Later that same day we visited the Dutchess Anna Amalia Library, originally the residence of Duchess Anna Amalia, built in the mid 1500’s. It was converted into a library housing her book collection in 1761. The library nearly burned down about a decade ago when a fire of unknown origin began on the top level. The town citizens flew to the library and risked their own lives to rescue the irreplacable collection of books housed there including an original Martin Luther bible. I had just visited the library for the first time earlier that year, so I read abut the fire with great anxiety and was amazed at how book restorers from faraway places came to volunter their services to save what they could of the water and fire-damaged collection.
To see the library today, you would never know anything so dramatic had taken place there. The building is fully restored but some of the original collection was unsalvagable. The library is most noteworthy in my opinion for the fact that local residents were invited to use the collection which was highly unusual in this era. Portraits of Goethe and Schiller grace the walls to remind us of the influence of these local luminaries whose spirit so dominated this town during their residency.
Our final stop was…you guessed it…the Weinachmarkt in the central square of Weimar. One of the oldest Christmas markets in Germany, this one was particularly memorable for the Thuringian wursts, famous in the region, served on a roll drenched in mustard. And, of course, the perfect accompaniment to our wurst was the local gluhwein in which we gratefully indulged ourselves for the last time.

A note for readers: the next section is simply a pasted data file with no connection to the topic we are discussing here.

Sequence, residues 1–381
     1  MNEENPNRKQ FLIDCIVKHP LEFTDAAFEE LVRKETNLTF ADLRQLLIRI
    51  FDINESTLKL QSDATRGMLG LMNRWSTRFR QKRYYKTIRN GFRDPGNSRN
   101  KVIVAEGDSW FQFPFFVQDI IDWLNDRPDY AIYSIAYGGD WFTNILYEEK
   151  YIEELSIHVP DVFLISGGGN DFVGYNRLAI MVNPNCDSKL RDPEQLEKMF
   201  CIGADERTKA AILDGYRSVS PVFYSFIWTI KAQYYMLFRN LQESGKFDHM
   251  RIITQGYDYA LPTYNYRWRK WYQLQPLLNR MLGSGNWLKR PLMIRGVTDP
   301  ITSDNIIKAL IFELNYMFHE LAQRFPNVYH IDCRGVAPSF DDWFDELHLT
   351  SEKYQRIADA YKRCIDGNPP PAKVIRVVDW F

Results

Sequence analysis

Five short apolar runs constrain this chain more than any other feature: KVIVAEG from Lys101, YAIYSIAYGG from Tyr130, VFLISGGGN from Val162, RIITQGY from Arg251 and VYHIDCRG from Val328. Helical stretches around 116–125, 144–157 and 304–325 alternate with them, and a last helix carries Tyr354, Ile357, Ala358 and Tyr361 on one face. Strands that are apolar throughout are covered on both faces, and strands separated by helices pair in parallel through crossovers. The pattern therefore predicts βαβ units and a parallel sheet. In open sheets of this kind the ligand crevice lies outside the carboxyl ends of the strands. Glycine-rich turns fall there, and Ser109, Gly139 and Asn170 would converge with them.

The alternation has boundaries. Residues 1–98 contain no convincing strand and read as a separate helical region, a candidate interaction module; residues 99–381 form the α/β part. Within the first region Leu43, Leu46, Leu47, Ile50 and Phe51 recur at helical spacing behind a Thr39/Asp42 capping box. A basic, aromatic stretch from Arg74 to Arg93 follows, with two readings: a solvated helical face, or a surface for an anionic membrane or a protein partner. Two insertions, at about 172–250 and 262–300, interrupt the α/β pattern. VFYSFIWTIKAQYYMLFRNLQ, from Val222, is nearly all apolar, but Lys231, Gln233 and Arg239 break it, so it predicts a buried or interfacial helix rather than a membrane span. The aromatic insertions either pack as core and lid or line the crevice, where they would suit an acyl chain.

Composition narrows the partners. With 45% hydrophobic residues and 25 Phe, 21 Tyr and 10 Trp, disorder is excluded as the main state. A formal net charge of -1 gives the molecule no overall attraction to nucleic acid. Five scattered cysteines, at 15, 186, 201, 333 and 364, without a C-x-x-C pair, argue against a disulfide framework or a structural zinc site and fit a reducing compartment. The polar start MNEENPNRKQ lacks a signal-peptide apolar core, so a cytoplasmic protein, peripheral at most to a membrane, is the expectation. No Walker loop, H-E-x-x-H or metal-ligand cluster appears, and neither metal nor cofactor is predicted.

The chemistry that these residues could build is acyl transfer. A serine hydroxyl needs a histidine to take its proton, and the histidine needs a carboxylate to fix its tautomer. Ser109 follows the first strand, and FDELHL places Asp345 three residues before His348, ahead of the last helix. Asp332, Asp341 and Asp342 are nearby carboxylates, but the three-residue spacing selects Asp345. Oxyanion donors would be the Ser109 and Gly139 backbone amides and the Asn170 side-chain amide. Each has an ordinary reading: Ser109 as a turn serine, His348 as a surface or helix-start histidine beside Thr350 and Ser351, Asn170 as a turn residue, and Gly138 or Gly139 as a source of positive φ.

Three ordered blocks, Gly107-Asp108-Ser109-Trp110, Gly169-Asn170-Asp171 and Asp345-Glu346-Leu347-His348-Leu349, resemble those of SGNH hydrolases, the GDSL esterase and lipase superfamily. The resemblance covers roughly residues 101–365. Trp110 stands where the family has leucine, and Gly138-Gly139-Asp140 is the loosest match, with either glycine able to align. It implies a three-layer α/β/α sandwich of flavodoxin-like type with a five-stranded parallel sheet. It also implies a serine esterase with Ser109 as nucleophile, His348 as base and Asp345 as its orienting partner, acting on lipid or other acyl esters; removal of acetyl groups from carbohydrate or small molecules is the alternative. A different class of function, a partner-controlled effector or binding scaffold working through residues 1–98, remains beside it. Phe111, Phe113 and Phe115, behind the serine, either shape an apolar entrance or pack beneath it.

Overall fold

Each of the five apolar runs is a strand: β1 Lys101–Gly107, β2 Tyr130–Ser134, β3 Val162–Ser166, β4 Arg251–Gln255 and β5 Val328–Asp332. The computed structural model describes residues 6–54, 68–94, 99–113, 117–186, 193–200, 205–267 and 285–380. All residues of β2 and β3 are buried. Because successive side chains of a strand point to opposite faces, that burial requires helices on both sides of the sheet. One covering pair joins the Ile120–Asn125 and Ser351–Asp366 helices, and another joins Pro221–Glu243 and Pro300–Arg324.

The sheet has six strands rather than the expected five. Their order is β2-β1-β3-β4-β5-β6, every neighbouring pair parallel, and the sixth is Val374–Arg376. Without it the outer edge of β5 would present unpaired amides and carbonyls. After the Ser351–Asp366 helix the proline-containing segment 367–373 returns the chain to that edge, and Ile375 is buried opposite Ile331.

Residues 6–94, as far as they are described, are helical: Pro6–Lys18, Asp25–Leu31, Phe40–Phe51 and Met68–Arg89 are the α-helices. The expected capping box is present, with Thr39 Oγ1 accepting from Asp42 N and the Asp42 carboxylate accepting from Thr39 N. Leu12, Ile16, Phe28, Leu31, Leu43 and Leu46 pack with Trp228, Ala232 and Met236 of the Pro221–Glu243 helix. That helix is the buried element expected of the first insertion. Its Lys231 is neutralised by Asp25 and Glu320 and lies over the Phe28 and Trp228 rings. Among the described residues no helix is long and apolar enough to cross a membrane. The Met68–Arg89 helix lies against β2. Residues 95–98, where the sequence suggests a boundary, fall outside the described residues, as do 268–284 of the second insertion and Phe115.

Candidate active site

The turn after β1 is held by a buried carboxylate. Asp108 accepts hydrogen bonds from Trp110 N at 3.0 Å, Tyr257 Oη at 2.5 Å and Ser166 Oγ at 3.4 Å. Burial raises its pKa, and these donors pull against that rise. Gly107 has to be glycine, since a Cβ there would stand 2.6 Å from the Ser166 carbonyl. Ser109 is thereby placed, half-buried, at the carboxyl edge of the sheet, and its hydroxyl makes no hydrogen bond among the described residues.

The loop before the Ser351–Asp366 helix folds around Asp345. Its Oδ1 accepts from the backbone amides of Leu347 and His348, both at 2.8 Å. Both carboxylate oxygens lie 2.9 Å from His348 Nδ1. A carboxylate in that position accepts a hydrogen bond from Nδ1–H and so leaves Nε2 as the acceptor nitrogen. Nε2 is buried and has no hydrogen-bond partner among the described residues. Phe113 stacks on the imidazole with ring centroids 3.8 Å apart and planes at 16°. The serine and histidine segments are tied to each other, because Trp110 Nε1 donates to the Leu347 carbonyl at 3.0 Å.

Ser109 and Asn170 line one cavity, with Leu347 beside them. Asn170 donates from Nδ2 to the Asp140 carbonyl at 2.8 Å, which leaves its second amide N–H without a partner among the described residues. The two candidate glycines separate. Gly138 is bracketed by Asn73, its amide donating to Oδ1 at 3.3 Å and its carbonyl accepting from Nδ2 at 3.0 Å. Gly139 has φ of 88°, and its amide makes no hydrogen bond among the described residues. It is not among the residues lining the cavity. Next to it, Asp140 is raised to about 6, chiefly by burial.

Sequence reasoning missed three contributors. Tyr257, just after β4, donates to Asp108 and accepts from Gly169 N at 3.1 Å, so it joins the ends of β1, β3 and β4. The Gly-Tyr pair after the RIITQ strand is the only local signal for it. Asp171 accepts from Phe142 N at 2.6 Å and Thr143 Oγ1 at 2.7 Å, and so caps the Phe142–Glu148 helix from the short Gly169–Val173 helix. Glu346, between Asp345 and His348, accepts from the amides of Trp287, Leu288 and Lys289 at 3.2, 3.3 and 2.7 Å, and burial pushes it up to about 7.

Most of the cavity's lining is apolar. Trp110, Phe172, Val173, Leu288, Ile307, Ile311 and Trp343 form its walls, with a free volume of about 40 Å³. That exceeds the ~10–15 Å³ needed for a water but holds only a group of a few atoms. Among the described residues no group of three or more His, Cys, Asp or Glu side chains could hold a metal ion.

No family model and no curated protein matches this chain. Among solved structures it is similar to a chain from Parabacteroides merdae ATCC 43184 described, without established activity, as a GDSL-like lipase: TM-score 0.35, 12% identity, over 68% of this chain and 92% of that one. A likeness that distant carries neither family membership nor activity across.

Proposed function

The next morning we arose to have brunch in the cafe housed in the pension where we had spent the night. As we were the only guests at the time, we had the whole cafe to ourselves to celebrate my 69th birthday during our leisurely brunch.
The table was charmingly decorated in red for Christmas and the room was decked “with boughs of holly,” or something very similar.
I was glowing in the warmth of the setting and the feelings being expressed to me by loved ones on this very special birthday which was also a celebration of being cancer-free for one year.
Though I wished we could stay longer in Weimar, we left after brunch heading back to Dresden to collect our belongings for our ultimate return to Berlin, where we spent our four final days in Germany. Those four days included an amazing New Year’s Eve celebration in a chic Viennese restaurant on the Spree River surrounded by fireworks with a view of what is the remaining piece of the Berlin Wall. I have so many memories of this trip that are still so vivid in my mind and that continue to resonate in my heart. The best outcome is that both my children have now bonded with the younger generation of cousins and friends there so I know that these intercontinental German-American connections will continue to grow and prosper long after I am gone. This makes me feel happy and deeply satisfied.